Tuesday, November 28, 2006
I've been waking up at quite reckless hours recently and listening to Gilbert and Sullivan on my Zen player. Does this willingness to drink from the deepest pools of musical depravity herald - or indeed hasten - the onset of delirium wooferandum (barking madness), or is it evidence of a still enquiring mind? Maybe it's simply the fact that an awful lot of G&S question seem to have come up in the local quiz league lately.
I don't know any more. I just don't know, I tell you.
Writer Tom Saunders pointed out to me in this very blog that Mr. The-Great was perhaps a little too fond of children for comfort. I reported this fact back to the publishers and the project was pulled. Now they've gone for Leonardo da Vinci.
Mr. da Vinci's activities were of course entirely confined to painting, drawing, and inventing the helicopter. (Oh yes they were, and there's an end to it.)
Monday, November 27, 2006
Yes, the strange and wonderful world of the book collector. I didn’t really know of its existence until shortly after The Various was published, in 2003.
Then some chap emailed me and asked if he could send me his copies for signing. I said sure. (What, he’s got more than one copy, I thought? He must be keen.) Then this big box arrived with about 25 books in it. I think that’s when I began to realise that there was something weird going on.
Shortly after that, somebody told me that they’d seen an early proof of the book sell at auction for about £70. I found this astonishing. Who’d pay that kind of money?
It gradually became apparent that there was a lot of interest in The Various from people who didn’t exactly fall into the 9-13 target reading age group. Some were very obviously dealers, some were private collectors, but all seemed keen to buy signed copies – or better still copies with a little doodle in them. So I’d obligingly do a sketch on the title page (grateful that the book was getting some attention) only to see the thing come up for immediate sale on ebay.
I started asking questions, and learned that there’s a lively futures market in books and their authors. Rare signed first edition copies of books that have gone on to be successful can fetch hundreds of pounds. Dealers and collectors look closely at newly published books and take a punt on those they think will be successful. So a good quality hardback book, from an emerging author and reputable publisher, is likely to attract attention from the collector’s market – the more so if the initial print run is low volume.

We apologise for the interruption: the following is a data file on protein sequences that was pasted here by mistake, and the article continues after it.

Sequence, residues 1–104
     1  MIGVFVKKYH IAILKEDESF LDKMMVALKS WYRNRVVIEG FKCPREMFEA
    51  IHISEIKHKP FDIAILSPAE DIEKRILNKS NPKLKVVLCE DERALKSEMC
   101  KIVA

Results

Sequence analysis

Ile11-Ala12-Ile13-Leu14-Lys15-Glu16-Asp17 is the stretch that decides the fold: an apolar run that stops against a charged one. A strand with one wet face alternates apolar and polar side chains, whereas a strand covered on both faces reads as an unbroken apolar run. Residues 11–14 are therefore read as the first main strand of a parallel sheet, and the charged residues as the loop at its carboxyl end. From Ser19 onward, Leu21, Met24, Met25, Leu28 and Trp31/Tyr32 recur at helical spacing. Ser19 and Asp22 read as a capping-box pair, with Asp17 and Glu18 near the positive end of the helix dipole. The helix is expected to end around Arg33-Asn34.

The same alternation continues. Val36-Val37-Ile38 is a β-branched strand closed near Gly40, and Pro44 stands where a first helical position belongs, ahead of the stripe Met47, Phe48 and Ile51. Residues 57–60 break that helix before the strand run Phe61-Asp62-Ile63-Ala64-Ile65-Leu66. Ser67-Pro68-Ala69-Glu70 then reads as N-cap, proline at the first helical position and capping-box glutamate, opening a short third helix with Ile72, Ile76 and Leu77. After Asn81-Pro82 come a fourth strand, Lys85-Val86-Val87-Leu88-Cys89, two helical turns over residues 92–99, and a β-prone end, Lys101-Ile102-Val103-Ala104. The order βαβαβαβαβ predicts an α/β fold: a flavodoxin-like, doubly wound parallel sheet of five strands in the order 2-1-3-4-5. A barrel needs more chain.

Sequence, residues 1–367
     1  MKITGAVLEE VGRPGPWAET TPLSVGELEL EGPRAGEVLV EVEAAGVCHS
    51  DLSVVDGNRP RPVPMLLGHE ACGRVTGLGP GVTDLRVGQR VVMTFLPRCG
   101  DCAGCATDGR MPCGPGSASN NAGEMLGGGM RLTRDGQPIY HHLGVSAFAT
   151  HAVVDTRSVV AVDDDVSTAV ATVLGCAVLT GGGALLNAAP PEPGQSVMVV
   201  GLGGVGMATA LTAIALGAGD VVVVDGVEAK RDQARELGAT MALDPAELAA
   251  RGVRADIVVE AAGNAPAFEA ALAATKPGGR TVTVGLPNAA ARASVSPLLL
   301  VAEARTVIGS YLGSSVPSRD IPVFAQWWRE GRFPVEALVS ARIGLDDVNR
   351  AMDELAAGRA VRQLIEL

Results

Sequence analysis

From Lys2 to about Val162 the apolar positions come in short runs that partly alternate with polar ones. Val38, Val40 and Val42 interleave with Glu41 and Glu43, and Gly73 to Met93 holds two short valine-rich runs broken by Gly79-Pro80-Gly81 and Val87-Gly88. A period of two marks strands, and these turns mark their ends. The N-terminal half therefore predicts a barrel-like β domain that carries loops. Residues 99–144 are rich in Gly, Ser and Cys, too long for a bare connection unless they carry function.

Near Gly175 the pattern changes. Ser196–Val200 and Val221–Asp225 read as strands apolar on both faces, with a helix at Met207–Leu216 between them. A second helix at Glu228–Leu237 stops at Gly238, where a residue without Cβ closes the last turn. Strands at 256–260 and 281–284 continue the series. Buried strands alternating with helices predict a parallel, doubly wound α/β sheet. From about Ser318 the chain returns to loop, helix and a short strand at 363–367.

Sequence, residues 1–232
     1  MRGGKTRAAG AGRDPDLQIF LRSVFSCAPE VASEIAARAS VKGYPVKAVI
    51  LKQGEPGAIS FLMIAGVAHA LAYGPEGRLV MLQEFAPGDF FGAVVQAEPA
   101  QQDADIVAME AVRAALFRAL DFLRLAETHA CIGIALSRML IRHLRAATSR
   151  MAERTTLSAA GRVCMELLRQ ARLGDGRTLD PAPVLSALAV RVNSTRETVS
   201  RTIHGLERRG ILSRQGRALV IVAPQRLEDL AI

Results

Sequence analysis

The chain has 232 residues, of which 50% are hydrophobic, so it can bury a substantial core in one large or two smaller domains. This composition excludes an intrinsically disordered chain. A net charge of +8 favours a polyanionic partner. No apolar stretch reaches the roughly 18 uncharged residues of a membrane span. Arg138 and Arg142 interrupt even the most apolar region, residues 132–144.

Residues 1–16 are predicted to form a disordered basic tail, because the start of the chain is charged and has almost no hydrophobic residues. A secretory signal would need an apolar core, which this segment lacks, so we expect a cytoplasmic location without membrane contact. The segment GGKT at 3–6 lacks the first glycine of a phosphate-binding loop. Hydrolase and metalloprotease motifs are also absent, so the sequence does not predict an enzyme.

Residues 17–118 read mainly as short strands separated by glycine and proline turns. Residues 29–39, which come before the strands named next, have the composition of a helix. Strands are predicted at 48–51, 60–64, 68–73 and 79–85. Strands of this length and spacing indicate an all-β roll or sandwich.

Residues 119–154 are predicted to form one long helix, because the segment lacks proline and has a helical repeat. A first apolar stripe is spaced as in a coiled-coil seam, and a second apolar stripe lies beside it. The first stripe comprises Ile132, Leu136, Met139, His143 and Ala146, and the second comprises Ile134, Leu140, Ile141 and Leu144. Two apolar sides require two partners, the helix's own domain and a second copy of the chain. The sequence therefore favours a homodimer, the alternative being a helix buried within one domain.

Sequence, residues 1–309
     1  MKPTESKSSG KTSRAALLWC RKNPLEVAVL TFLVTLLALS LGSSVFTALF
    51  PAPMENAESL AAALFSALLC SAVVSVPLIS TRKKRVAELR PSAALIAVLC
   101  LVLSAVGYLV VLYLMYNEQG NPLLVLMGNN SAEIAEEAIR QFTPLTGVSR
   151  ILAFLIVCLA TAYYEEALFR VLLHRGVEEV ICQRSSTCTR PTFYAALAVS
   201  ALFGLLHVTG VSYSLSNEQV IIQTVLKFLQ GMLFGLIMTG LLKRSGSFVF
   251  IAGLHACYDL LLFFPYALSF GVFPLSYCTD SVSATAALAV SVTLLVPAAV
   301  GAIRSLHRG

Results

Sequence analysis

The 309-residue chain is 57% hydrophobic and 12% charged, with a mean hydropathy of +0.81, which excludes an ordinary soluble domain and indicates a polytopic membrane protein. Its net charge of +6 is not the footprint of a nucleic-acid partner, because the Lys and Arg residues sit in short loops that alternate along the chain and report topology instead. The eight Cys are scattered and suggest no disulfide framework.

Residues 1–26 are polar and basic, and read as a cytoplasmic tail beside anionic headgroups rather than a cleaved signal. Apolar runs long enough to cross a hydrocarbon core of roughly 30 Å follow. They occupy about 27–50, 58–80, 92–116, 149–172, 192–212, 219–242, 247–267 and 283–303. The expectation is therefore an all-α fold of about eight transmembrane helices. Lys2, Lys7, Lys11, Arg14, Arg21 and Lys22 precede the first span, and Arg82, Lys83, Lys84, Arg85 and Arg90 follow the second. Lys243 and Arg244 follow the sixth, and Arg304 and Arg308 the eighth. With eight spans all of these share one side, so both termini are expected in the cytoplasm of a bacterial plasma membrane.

The collector’s market for children’s books is particularly strong. JK Rowling’s first Harry Potter book only had a print run of about 500, I think. Nobody could have foretold just how successful she was going to be, and so a mint condition copy of this first edition is going to be worth a lot of money. The downside of book speculation, as with all gambling, is that you can just as easily catch a cold as make a profit. Authors whose early work once seemed so promising can quickly fade away, and you're left holding a stack of signed books that nobody wants.
The most I’ve seen a copy of The Various go for is £900. This was an advance proof, sometimes known as an advance reader's copy or ARC, like the one above, in which I’d done a little colour illustration. Amazing. Since then I’ve embellished quite a few copies of both The Various and Celandine. They do still come up on ebay, but I think that a lot of people are now waiting for the third book to be finished – then I imagine that we’ll see complete ‘sets’ of collector copies coming up for sale. I’m in touch with a number of serious dealers and collectors, and I’ll very often produce work to order – a drawing of this character or that scene. I’m happy to do it. It’s just free-lance illustration as far as I’m concerned, and if these copies then go on to trade hands for big money, then I’m delighted. My primary concern is to produce the best writing that I’m capable of. Anything that then helps bring that writing to a wider public has to be a good thing for me.